Zambians will decide Thursday whether to re-elect President Edgar Lungu after the country’s worst economic performance in decades and a crackdown on dissent that has raised fears of unrest in the southern African country.
His main rival, in what polls suggest is a close election race, is 59-year-old Hakainde Hichilema, making his sixth run for the presidency.
Hichilema has already narrowly lost to Lungu twice: in a 2015 by-election after the death of ex-president Michael Sata and then in general polls the following year.
Lungu deployed the army following clashes between the rival supporters in the run-up to presidential and parliamentary polls, a move critics denounced as a tactic to intimidate opposition voters.
Analysts say the result of the closely fought election will set the tone for investment in the copper-rich southern African nation, where more than half of its 17 million people live in poverty.
Surveys suggest economic hardship has eroded support for Lungu, accused of borrowing unsustainably to finance flashy infrastructure projects, as living costs soared.
In the capital Lusaka, Lungu’s green Patriotic Front (PF) party manifestos have dominated billboards lining newly built freeways and overpass bridges. They trumpet “achievements” in construction, agriculture and youth employment.
Opposition voters, whose party colour is red, are keeping a low profile in Lusaka, traditionally a PF stronghold.
Some of them even wear green, the ruling party’s colour, to avoid trouble — known as the “watermelon tactic”.
“We do not feel that safe…there is so much intimidation,” said UPND supporter William Njombo, a 42-year-old pastor volunteering at the party’s headquarters.
– Human rights concerns –
Because of the Covid pandemic, only door-to-door campaigning has been allowed this year rather than mass gatherings, although politicians have rallied under the guise of mask-distribution events.
Government critics say the pandemic has been used to thwart the opposition.
Hichilema’s team say they have been barred from entering several parts of the country, including the strategic central Copperbelt Province, their supporters dispersed with tear gas.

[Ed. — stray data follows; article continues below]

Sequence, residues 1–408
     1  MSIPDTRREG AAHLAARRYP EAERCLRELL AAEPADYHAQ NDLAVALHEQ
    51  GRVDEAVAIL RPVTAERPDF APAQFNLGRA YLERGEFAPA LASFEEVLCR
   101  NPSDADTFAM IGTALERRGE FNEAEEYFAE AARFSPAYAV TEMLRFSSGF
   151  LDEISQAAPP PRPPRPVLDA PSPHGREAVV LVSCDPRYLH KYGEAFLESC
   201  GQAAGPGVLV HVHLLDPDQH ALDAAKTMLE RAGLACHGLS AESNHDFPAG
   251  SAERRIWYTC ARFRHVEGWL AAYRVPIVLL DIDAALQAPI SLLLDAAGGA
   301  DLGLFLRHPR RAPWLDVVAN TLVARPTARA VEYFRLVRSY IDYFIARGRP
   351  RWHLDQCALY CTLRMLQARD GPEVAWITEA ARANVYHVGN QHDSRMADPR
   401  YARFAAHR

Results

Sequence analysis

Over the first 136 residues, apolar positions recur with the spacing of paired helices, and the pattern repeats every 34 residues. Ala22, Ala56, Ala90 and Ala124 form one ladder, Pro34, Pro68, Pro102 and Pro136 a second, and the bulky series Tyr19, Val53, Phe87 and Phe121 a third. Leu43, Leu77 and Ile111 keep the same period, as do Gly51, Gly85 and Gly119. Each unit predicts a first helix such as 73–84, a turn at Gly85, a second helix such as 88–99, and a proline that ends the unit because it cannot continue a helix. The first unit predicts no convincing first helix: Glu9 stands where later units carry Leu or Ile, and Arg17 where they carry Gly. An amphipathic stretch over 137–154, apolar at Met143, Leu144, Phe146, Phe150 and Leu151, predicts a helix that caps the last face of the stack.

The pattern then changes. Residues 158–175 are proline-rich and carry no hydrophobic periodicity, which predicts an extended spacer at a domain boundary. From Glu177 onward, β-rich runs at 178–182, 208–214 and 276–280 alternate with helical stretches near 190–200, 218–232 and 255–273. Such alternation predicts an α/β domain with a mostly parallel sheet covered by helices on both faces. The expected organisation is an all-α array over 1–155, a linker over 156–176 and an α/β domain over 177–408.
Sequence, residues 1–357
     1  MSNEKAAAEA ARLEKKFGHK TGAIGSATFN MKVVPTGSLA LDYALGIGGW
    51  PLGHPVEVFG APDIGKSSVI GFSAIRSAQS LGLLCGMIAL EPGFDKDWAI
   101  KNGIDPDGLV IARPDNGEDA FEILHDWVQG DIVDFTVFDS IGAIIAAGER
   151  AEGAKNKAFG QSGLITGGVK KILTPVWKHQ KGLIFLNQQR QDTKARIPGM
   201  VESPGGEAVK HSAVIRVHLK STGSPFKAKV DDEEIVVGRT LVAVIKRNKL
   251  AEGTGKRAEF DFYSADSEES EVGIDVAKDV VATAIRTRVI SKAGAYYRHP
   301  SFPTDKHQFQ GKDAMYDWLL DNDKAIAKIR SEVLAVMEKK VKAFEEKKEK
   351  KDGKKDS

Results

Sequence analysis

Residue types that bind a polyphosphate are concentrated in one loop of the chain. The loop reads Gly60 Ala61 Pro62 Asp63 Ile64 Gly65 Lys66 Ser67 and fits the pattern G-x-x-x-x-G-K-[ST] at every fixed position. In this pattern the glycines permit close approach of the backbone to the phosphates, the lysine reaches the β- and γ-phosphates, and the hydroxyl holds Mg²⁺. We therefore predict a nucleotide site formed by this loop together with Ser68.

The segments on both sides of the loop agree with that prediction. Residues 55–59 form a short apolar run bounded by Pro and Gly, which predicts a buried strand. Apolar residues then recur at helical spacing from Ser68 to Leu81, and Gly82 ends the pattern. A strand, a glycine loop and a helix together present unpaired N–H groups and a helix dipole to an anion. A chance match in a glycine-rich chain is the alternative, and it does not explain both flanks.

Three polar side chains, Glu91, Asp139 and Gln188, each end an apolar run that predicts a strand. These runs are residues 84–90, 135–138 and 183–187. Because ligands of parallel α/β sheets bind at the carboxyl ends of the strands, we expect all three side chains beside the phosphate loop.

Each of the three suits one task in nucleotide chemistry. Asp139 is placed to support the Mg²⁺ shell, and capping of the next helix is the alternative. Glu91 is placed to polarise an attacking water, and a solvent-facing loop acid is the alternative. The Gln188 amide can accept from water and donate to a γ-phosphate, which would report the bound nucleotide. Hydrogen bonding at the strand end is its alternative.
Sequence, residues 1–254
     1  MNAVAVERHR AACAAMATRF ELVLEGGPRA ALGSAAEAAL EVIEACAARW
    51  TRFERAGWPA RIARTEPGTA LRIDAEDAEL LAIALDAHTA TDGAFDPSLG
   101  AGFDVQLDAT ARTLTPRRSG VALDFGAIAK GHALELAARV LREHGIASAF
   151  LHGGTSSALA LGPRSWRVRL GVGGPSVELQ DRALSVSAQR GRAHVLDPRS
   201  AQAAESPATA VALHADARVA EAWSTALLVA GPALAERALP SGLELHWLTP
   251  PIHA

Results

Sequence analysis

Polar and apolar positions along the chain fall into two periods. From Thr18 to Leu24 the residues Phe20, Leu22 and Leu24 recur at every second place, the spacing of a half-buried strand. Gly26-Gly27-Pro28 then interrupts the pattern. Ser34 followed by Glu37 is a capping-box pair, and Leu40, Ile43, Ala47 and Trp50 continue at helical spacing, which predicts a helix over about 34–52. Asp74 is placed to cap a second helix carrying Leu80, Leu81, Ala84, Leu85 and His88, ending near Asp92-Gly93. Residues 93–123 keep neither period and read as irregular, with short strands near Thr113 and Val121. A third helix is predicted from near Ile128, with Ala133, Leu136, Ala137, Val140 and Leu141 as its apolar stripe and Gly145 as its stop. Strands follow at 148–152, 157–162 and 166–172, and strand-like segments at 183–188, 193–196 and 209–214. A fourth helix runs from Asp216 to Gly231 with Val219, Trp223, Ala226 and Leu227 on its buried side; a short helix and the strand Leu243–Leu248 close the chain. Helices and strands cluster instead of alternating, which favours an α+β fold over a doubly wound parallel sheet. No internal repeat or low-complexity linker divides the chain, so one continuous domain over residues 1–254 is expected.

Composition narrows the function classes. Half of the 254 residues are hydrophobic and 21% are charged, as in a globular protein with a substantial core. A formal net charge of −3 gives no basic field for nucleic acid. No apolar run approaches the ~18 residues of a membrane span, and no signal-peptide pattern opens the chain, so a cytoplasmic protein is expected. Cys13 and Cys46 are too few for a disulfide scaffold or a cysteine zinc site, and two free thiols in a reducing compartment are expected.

There are also concerns about a newly compiled electoral register, which some observers allege is skewed towards PF strongholds, and a controversial cybersecurity law that could be used to block the internet.
“The incumbent regime will stop at nothing to manipulate the vote,” UPND spokesman Anthony Bwalya told AFP.
PF officials did not respond to several requests for comment.
Amnesty International warned in June that repression under Lungu had pushed Zambia to the brink of a “human rights crisis”.
They noted the closure of independent media outlets, the jailing of opposition figures and the police killings of at least five people since 2016.
Hichilema himself claims he has been arrested 15 times since he swapped his business career for politics.
“There is apprehension,” said Zambian political analyst O’Brien Kaaba, unsure whether Lungu would concede a defeat.
“The military on the streets creates new dynamics,” he added.
The US embassy in Lusaka has urged the police and military to “apply the law equally and humanely” in the “competitive election”.
While pre-election violence is not uncommon in Zambia, every transition of power has been peaceful since the former British colony adopted multi-party democracy in 1990.
– ‘Tough moment’ ahead –
Both Hichilema and Lungu are campaigning as “people’s politicians” promising jobs and wealth to disillusioned voters.
“Vote for change and a better Zambia”, says Hichilema’s red-and-yellow manifesto, showing him in a suit and matching red tie signalling the “way forward” with his hand.
Over seven million people are registered to vote between 6:00 am (0400 GMT) and 6:00 pm, with the results expected by Sunday.
The results in Lusaka — a city of more than 3.3 million inhabitants — and the central Copperbelt province will be key to determining the winner.
“I pray that we will be able to keep peace,” said Sydney Chilonga, a stylish 21-year-old in sunglasses who sells clothes to get by.
“I think it’s going to be a tough moment for us.”